While not the most impenetrable of Luis Buñuel’s films, The Milky Way (1969) may be his most perplexing for first-time Buñuel viewers. The premise is very simple: Two disreputable beggars (Paul Frenkeur and Laurent Terzieff) on a religious pilgrimage to Santiago de Compostela in Spain have bizarre encounters and adventures of a twisted religious nature along the way. That’s really all there is to it. Think of the two men as Bing Crosby and Bob Hope in The Road to Heresy and you’re close to the spirit of the whole thing. Indeed, the two heroes/observers in Buñuel’s film are about as unlikely Christian pilgrims as Crosby and Hope would have been. The point is that Buñuel’s “attack” on Christianity—more specifically, Catholicism—is far less brutal than the one he made 40 years earlier with L’Age d’Or, the ending of which is still shocking even to a crusty agnostic like me. Milky Way is a much more playful film from Buñuel in his best “surrealism can be fun” mode.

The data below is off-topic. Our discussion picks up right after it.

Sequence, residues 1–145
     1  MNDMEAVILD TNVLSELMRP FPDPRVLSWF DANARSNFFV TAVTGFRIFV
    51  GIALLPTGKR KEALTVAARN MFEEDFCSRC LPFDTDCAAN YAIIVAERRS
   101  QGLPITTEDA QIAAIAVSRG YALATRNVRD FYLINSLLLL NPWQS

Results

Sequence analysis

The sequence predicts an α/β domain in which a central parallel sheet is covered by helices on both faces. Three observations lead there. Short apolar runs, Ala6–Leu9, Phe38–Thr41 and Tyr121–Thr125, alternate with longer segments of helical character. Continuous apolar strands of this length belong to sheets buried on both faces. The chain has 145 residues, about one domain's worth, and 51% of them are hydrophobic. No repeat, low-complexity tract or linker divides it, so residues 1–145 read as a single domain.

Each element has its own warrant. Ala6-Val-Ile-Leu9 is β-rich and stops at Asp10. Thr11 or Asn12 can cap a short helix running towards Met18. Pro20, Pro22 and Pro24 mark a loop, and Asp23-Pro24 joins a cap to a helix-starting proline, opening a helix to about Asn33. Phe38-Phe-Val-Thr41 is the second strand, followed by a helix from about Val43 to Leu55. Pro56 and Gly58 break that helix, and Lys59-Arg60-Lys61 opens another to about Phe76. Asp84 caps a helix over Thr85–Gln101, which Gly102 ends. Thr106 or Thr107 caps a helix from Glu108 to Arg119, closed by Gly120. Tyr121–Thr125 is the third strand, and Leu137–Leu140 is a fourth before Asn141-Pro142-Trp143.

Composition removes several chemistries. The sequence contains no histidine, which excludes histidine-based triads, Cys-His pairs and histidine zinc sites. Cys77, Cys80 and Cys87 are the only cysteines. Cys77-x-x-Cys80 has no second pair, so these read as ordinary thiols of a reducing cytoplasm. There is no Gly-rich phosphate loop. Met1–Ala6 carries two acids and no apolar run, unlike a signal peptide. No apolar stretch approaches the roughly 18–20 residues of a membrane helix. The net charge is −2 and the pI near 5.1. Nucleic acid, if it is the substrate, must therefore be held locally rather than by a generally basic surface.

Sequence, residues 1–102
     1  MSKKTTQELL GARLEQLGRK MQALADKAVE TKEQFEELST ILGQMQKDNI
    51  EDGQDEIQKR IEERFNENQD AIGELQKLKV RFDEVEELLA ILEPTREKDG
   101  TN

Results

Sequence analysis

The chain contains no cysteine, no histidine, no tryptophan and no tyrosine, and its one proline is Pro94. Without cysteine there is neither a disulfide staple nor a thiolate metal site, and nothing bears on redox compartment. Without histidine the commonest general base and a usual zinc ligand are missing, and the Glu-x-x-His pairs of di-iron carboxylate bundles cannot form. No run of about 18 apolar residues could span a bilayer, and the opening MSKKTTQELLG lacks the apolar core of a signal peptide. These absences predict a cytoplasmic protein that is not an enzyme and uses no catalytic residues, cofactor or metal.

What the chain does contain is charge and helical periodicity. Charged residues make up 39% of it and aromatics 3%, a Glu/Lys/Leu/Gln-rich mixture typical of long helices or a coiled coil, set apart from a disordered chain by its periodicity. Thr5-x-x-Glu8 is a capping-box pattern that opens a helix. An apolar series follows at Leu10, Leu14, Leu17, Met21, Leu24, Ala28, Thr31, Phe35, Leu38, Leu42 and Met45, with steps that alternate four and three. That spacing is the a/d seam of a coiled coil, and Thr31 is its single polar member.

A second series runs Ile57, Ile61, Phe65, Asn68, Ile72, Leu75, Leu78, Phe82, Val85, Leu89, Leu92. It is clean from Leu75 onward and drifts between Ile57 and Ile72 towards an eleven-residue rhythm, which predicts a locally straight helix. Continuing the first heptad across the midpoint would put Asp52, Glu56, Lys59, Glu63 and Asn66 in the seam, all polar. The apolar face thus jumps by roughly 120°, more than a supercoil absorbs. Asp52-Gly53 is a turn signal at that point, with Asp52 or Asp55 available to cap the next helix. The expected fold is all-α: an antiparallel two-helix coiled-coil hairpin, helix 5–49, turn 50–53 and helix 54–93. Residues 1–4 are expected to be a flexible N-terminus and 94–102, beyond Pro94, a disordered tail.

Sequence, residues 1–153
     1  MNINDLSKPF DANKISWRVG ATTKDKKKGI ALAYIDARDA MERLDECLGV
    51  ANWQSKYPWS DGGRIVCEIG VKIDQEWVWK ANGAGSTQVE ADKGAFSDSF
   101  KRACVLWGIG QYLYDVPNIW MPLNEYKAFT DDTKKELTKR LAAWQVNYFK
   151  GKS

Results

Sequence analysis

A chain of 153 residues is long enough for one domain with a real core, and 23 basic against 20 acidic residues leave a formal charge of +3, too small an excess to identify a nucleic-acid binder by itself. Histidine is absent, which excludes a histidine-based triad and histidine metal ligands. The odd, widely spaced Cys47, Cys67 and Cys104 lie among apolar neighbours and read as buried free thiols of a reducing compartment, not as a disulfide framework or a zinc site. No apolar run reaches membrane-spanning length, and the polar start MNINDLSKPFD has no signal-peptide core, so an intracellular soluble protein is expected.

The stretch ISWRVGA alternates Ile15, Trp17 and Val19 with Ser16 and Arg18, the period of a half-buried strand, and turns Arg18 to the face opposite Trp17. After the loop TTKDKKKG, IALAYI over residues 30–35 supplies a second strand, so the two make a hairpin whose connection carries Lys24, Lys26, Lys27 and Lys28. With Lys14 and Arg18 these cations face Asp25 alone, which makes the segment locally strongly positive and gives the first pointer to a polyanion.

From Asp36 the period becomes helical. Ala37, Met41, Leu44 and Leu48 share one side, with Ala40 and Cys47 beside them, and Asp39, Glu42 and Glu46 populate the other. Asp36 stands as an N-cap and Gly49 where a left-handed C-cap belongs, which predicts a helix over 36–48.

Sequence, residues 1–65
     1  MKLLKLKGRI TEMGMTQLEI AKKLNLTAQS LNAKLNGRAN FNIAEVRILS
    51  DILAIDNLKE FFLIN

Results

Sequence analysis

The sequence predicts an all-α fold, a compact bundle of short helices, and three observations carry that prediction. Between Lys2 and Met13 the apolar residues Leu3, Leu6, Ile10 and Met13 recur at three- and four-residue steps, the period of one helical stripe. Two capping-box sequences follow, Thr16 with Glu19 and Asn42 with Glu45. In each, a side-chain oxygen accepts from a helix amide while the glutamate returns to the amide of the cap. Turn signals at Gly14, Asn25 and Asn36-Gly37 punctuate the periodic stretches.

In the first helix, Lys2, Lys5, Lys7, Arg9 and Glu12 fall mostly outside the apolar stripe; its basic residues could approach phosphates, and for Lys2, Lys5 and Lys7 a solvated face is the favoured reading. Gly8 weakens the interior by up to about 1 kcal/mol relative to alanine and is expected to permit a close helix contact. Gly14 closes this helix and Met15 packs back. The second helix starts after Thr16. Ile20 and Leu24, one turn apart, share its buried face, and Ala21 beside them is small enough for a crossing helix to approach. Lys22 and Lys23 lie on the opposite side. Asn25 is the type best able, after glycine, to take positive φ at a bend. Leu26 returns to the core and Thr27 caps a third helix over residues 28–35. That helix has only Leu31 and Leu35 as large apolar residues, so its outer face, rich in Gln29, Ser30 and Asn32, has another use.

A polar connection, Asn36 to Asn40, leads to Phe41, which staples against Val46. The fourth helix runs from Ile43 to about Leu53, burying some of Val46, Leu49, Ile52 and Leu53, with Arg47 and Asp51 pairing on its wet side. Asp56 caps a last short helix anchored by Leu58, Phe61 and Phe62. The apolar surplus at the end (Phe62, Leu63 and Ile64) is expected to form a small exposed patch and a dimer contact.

That’s not to say that the movie is without its deeper implications, but really, we’re talking about a film where two pilgrims meet a man wearing a cape (Alain Cuny) who refuses a plea for alms from the younger traveler (who claims to have no money), but gives money to the older one (who admits to having some). He then tells them to go find a harlot “and have children by her.” He goes on to say, “Name the first, ‘You Are Not My People’ and the second ‘No More Mercy’,” before wandering off, suddenly accompanied by a dwarf, who unleashes a dove. They conclude that the man must have had the dwarf hidden in his cape, and that the older man was given money because his beard breeds trust. This then turns into a story the older man claims his mother told him, that of the Virgin Mary (Edith Scob) advising Jesus (Bernard Verley) not to shave off his beard. So … is the older man Jesus? Or is the caped man Jesus or just a magician? Or is anyone? The point is that none of this can be answered, but it makes for interesting and amusing debate, which is what the whole film is about—whether it’s a swordfight between two Catholic factions or an appearance by the Marquis de Sade. In the end, yes, it makes a kind of sense, but it’s mostly Buñuel making light-hearted sport on the sillier aspects of religion. Don’t be afraid of it. Just go with it.